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A Chilean Thanksgiving

Friday, November 27, 2009

This Thanksgiving was definitely a memorable one for me. Yes, I ate too much. Yes, I felt guilty at the end of the day. Yes, I was exhausted at the end of the day. But there were different reasons for all of these "regular" thanksgiving feelings that made this thanksgiving memorable.

For one, I am in Chile. For the first time in my life, I spent thankgsiving without my family. I went to work and did not eat turkey or mashed potatoes. It was incredibly hard. By 10:30, I had full on cried in the arms of a co-worker. By coincidence, my office was going on a "team retreat" to a nature conservatory. We walked for about 25 minutes, which was great, but the main event was the traditional Chilean Asado- or a giant barbeque with lots of meat, chips, and other unhealthy foods.

Feeling sorry for myself coupled with the fact that it was Thanksgiving so I "should" be eating a lot, I did manage to eat a lot. But, as I could have guessed, the food did not solve my problem. It never does solve any of my problems, however convinced I am at the time that food will make me feel better.

I missed and continue to miss my family more than anything and did not want to be so far away. I am currently on, what others will describe, as a great amazing adventure and a wonderful life experience. I am living in Chile with my boyfriend, working for a microcredit organization, learning spanish and living another culture. Usually, I do love it, well, at least like it. Lately, I have been feeling like a failure. My spanish is not advancing as well as I hoped and I feel very alone. I feel like, especially at work, I have a huge wall up between me and the people I meet because of my language deficit.

Come thanksgiving day, with all my recent frustrations, I wanted more than anything to be sitting at my family's thanksgiving day table, holding my niece, helping my mom cook and watching the parade. Instead, I felt so alone and isolated by my language.

So, my answer for the day was to eat. I even knew at the time that it was not productive or healthy or the answer to my problem. But, i couldnt think of anything else to do.
I felt like a failure because I ate too much, because I am not yet fluent or confident in spanish and because I was not with my family on one of the days where family is supposed to be most appreciated.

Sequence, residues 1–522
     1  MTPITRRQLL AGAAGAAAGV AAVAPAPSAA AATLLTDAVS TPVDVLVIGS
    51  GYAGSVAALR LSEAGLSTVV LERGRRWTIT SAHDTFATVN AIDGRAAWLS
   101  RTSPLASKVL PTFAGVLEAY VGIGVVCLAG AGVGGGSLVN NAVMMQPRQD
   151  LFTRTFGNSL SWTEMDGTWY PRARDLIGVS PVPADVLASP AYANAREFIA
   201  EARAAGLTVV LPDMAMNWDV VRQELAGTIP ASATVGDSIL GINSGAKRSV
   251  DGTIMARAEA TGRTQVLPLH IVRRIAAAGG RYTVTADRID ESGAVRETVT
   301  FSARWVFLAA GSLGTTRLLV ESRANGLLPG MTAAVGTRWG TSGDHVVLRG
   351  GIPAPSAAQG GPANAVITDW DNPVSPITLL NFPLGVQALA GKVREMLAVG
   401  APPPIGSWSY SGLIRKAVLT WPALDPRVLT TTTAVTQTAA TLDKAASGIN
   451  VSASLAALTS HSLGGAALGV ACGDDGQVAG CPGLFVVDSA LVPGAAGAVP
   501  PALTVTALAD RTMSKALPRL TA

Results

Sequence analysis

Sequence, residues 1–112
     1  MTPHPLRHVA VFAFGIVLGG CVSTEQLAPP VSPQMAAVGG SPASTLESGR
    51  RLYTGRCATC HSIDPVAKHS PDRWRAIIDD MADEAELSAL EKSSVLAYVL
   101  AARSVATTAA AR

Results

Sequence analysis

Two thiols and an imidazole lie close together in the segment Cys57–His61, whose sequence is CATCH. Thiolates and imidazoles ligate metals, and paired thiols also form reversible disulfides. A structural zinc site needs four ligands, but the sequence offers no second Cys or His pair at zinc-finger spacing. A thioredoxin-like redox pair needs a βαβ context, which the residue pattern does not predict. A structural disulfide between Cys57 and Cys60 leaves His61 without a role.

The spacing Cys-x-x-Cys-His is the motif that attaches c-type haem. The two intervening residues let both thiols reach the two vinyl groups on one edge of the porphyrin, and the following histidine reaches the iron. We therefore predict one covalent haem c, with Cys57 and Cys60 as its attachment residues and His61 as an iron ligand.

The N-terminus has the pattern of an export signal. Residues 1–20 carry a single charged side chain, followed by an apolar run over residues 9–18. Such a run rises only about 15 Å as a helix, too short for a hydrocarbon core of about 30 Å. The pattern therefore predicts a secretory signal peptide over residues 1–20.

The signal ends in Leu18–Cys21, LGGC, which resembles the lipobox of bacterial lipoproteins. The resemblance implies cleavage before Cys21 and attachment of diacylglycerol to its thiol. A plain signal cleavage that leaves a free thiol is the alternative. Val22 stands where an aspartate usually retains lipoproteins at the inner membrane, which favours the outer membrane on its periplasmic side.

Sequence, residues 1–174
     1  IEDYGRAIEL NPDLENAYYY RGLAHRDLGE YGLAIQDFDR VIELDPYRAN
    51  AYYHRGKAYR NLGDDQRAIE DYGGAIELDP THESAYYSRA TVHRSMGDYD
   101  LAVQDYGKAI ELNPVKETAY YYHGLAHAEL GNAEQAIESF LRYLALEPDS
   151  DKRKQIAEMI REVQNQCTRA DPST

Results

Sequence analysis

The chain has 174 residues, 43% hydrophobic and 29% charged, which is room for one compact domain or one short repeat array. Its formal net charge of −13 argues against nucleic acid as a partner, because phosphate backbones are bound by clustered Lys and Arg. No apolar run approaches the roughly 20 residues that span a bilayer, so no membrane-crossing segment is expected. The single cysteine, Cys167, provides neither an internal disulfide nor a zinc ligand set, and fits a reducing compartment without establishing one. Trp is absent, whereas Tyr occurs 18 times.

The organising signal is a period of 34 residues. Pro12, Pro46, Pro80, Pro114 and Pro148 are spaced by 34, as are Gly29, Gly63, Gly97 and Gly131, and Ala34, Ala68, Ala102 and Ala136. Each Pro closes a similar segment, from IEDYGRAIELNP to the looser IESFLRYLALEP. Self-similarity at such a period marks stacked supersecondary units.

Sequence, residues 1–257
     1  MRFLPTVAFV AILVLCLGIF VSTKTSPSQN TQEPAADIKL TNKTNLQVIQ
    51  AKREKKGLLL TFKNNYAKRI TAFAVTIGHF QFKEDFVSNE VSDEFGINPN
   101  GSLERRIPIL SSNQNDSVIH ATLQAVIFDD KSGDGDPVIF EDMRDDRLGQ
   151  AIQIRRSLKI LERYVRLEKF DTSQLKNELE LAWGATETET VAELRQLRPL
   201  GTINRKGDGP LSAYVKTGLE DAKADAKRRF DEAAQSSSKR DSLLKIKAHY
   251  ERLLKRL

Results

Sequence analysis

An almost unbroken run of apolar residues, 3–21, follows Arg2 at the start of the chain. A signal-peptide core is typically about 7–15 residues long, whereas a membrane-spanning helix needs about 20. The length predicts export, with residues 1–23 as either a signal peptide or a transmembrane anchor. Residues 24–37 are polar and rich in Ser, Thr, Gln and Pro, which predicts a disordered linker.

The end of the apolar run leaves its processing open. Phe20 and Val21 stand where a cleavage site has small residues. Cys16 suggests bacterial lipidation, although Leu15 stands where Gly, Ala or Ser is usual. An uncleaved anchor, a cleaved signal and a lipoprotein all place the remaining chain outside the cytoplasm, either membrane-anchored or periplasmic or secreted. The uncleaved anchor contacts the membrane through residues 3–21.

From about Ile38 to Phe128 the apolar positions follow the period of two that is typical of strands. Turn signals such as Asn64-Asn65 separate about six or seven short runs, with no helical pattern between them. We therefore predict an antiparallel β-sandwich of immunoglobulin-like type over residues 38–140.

This thanksgiving, however, I learned some valuable lessons. First, its just a day. In a different culture, you realize that the meaning is imposed by the culture, so it can just as easily be placed or taken away from any day in the year. Second, the food is not what is important. I ate a lot of food, but a thanksgiving it did not make. What is important is who you are surrounded by. I am lucky that I have a group of coworkers and friends that support me and care for me. I am extremely lucky to have a wonderful boyfriend that supports, loves and cares for me. I severely miss my family, but I was surrounded by people who truely care, which was something to be thankful for as well.

At the end of the day, I was exhausted. I felt like I had been on an emotional rollercoaster. But, I think it was important for me. I learned a lot about thanksgiving, my weakpoints with food and myself. Despite the crying, I think this was one of my most memorable thanksgivings and I am thankful for what I learned from the day.
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Member Comments About This Blog Post
    I can sure identify with living in a different culture on Thanksgiving and the hardship of learning spanish. My husband and I moved to central Mexico 4.5 years ago. But we moved his father down here and my Mother so we at least had family with us although we missed the grandkids. I cooked a hormone free turkey which I bought at a local market and it was good....but I too overate. Today was a new day though and I am back on track. Hope you get back on track as well.
    4264 days ago
    Estimada LNF,
    Parece que tuviste una experiencia formidable. Te saludo, y te espero un buen dia de accion de gracias.

    4264 days ago
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